Siberian Iris Blue King ('Bareroot) Bloom,Early and mid-spring, Perennial
Best grouped in sunny areas of ponds or water gardens. Also may be grown in moist border areas.
This perennial dies back to below ground level each year in autumn, then fresh new growth appears again in spring.
- Position: full sun or partial shade
- Soil: well-drained, moderately fertile soil
- Rate of growth: average
- Flowering period: June to July
Hardiness: fully hardy
Siberian flag iris, Iris sibirica, produces small, delicate flowers and narrow, bright green foliage. Flower petals are purple with white and yellow markings. It makes an excellent cut flower.
Iris sibirica ‘Blue King’ bears deep violet flowers with veined yellow throats, in May and June. Like all Siberian flag irises, it’s a rhizomatous, clump-forming perennial, requiring space to spread out.Like all Siberian flag irises, this is a clump-forming plant that needs space to spread out and prefers a moist, neutral to slightly acid soil in sun or partial shade. It looks best planted in bold drifts beside water and allowed to naturalise. It is particularly useful on difficult banks, where it will help to prevent erosion and over time will form large clumps. It can also be planted in a pot as a marginal plant for a pond.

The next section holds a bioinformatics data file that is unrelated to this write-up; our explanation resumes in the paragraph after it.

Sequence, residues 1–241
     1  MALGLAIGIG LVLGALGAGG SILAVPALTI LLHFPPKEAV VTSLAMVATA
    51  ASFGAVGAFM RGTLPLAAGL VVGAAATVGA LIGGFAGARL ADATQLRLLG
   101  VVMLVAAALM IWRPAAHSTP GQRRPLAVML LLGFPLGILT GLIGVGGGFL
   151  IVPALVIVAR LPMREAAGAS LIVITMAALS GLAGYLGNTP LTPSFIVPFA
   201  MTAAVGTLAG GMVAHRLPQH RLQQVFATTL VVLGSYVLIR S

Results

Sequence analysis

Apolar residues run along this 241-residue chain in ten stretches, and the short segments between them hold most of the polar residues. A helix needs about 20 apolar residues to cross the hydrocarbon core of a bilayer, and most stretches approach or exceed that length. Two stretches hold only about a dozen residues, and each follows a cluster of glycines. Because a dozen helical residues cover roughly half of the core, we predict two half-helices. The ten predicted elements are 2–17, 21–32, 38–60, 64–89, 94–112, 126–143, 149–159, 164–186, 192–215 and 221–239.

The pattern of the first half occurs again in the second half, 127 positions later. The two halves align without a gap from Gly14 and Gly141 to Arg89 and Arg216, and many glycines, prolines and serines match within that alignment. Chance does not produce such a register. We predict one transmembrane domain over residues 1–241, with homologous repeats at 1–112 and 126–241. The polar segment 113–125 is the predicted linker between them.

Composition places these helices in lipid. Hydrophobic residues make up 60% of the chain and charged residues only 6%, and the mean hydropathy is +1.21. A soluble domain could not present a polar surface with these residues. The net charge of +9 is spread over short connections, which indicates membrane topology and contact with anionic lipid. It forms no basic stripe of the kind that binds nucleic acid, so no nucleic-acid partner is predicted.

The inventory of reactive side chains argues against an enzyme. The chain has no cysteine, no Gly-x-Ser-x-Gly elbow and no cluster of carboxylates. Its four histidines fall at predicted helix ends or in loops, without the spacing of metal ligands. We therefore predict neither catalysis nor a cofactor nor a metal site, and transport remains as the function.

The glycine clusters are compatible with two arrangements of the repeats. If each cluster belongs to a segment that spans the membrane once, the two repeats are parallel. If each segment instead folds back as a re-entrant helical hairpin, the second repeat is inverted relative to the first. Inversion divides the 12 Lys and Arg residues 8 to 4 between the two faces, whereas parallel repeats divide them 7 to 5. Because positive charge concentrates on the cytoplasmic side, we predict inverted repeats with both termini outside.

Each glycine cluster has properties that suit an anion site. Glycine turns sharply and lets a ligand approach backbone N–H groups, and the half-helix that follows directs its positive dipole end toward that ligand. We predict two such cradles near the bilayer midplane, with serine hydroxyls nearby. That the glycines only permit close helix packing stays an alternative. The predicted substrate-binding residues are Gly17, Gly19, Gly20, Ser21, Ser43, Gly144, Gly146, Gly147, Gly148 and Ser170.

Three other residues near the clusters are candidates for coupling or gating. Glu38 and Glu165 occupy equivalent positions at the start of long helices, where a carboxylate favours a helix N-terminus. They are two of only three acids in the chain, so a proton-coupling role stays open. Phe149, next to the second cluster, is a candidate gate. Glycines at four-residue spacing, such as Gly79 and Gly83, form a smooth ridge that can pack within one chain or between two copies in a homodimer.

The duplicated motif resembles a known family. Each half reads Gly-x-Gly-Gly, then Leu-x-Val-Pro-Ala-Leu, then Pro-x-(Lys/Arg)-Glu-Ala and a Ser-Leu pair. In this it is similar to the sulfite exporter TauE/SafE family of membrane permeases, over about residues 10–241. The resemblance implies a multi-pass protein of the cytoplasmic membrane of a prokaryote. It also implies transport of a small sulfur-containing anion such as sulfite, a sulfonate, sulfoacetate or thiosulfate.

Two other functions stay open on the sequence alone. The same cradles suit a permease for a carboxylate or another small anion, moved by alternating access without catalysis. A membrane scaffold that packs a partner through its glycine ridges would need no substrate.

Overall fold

Planting & Growing
Siberian Iris will grow to be about 22 inches tall at maturity, with a spread of 24 inches. When grown in masses or used as a bedding plant, individual plants should be spaced approximately 18 inches apart. It grows at a medium rate, and under ideal conditions can be expected to live for approximately 10 years.
This plant does best in full sun to partial shade. It is quite adaptable, prefering to grow in average to wet conditions, and will even tolerate some standing water. It is not particular as to soil type or pH. It is somewhat tolerant of urban pollution. This is a selected variety of a species not originally from North America. It can be propagated by division; however, as a cultivated variety, be aware that it may be subject to certain restrictions or prohibitions on propagation.
Garden care: Plant in soil that has been improved with well-rotted manure or garden compost and do not allow to dry out, particularly as the plant is getting established. If planted in a container, it will need dividing and repotting every couple of years in spring.